Creating a Geolocating Congressional District Map with Mapbox

A branded map with geolocation, geocoding, and a custom tileset built from Senate redistricting data to help potential voters answer the question, "Am I even in this new district?"

For the 2022 midterms, two interesting things happened: Texas redistricted in a way that unified much of Central and West Austin into a new consolidated district and a good friend of mine decided to enter the Primaries to represent that district.

Campaign launch event

I produced a few pieces during the campaign, the most interesting for me was an interactive district map. As we spoke to potential voters, many — myself included — wondered, “am I even in this district?”

Map of Austin, TX and the 37th Congressional District

I even got to watch as a well-informed friend used the map on her phone to realize, “Oh wow, I thought I was still in the 25th. And if I didn’t know…” Our collective confusion is warranted; the last time our legislature picked their own voters, they divvied up Austin this way:

Outdated Districts of Austin, TX

Finding the Data

Texas posted the new maps on its redistricting website. Senate Bill 6, designated “PlanC2193,” is available as a map and a collection of downloads. One of those is a Shapefile, a vector geography format for GIS software.

Having recently done another deep dive on interactive mapping, this seemed like a simple job for Mapbox. Here’s the overview:

Flowchart of data from senate files through Mapbox tooling to create the static images and interactive map

Making a Tileset of Districts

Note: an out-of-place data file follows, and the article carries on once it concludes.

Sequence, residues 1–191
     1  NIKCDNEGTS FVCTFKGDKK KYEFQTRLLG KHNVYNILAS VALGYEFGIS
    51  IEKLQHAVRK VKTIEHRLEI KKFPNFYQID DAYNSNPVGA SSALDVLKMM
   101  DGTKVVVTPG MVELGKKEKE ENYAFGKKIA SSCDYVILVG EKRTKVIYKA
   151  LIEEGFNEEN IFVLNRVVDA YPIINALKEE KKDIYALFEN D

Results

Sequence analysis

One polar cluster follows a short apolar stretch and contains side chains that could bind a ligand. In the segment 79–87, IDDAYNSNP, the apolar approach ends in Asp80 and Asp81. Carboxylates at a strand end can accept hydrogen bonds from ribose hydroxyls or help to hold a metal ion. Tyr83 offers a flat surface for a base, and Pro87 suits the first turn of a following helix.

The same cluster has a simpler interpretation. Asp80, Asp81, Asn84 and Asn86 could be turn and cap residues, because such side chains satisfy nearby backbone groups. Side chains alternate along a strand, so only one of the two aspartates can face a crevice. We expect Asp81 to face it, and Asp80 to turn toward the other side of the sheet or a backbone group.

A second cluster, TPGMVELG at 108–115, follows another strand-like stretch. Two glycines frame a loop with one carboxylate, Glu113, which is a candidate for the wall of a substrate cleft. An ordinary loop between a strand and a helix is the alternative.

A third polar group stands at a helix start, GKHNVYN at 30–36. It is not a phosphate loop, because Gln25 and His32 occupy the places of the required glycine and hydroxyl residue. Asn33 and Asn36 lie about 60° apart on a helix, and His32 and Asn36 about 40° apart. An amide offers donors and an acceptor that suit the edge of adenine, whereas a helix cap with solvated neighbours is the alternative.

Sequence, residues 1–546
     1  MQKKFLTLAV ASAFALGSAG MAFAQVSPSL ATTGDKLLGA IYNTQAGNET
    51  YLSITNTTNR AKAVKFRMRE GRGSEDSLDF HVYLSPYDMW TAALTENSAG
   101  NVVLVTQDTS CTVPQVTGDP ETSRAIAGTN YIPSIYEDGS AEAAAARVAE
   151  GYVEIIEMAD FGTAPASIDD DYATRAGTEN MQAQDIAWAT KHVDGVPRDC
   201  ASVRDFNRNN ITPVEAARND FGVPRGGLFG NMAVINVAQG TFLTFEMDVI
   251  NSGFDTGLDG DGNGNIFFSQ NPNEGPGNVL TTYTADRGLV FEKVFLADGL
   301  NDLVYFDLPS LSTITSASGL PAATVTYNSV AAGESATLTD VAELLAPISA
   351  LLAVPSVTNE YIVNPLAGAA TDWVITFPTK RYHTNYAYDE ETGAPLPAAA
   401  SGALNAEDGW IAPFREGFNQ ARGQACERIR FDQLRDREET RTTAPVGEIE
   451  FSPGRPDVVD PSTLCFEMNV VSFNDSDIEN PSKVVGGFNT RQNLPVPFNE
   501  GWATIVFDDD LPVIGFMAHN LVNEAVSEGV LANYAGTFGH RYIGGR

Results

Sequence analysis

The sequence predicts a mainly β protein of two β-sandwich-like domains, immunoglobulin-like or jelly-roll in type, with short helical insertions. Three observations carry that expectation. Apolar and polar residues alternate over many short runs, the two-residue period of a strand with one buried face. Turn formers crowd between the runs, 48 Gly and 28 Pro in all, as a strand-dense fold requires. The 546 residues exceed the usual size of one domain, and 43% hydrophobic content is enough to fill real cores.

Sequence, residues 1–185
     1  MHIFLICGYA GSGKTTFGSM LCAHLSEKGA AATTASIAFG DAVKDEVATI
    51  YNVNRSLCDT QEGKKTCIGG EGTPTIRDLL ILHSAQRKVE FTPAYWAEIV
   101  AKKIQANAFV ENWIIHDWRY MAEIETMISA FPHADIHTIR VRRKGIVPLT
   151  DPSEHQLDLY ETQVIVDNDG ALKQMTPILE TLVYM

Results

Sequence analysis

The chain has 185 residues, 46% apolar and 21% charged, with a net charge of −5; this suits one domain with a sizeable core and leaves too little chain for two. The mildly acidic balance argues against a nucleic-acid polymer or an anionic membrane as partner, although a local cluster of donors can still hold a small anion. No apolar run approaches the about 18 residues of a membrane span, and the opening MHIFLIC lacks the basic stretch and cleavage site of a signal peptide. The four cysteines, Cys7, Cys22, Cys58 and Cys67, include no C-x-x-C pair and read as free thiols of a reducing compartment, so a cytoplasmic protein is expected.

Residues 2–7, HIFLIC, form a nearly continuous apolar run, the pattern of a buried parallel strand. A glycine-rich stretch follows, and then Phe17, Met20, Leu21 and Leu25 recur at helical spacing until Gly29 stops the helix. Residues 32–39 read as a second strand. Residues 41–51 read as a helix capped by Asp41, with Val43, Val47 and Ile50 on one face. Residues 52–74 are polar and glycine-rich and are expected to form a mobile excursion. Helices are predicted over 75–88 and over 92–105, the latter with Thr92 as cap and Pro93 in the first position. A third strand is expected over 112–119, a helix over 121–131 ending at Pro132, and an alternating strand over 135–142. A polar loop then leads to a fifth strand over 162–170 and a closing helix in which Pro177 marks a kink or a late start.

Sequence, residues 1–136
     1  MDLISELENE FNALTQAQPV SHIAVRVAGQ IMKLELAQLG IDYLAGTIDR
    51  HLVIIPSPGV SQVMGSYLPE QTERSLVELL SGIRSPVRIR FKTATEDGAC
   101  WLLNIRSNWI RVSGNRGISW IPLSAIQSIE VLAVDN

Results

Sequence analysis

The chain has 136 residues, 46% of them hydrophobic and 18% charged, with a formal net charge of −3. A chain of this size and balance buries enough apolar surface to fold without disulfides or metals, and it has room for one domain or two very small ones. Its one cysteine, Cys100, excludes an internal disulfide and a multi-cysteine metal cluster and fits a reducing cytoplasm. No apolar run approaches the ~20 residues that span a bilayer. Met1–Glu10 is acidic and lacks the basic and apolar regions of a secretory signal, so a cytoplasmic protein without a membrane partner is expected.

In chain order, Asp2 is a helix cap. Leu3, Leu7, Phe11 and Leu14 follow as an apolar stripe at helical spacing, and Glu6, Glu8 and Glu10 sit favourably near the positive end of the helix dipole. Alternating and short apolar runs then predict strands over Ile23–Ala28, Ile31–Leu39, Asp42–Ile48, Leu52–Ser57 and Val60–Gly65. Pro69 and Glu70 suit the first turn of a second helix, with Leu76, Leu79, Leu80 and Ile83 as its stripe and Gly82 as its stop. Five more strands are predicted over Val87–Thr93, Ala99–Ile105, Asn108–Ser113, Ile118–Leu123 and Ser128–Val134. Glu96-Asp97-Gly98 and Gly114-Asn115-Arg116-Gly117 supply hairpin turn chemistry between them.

Mapbox Studio can import a Shapefile as a custom Tileset.

Custom Tileset in Mapbox Studio

This let me do two things:

  • Add and style district boundaries on the map
  • Look up the district for a given location using the Tilequery API

Designing a Branded Map

I started with one of the Mapbox Gallery examples then customized it to better match the campaign’s visual style and simplify some unneeded details.

I added the tileset in four different ways, as seen in the selected layers. From top to bottom:

Custom Map in Mapbox Studio

  • Text layer to print all districts’ numbers on the map.
  • Line layer to draw a bright white border around only the 37th.
  • Line layer to draw a blue border around all districts.
  • Fill layer to put a bright blue background under only the 37th.

Printed Output

From there, Mapbox allows a limited number of extremely high-resolution raster exports, which we used for social media and print pieces like door hangers.

From one of the door-to-door canvassing days:

Holding door hangers we used for door-to-door canvassing

Creating the Map Site

I discovered Parcel.js while looking for an easy build tool that would help me collect and transpile the Mapbox JS/CSS, my TypeScript, light SCSS, and some repetitive HTML. On build, it generates a static site that users could either access directly or as an embed on the official campaign website on Wix.

The Base Map

Loading a map into an HTML element is easy: just add <div id='map'></div> to a page and make it big. This goes one step further to disable the 3D tilt and rotation because my map style is flat.

  import { Map } from 'mapbox-gl';
  const accessToken = '...';
  const mapStyleId = '...';

  const map = new Map({
    container: 'map',
    style: `mapbox://styles/tsmith512/${mapStyleId}`,
    center: [-97.74, 30.27],
    zoom: 10,

    // Disable mapbox 3D tilt and rotation
    pitch: 0,
    minPitch: 0,
    maxPitch: 0,
    pitchWithRotate: false,
    touchPitch: false,
    dragRotate: false,

But what did we want users to do?

Showing the district map on a handheld device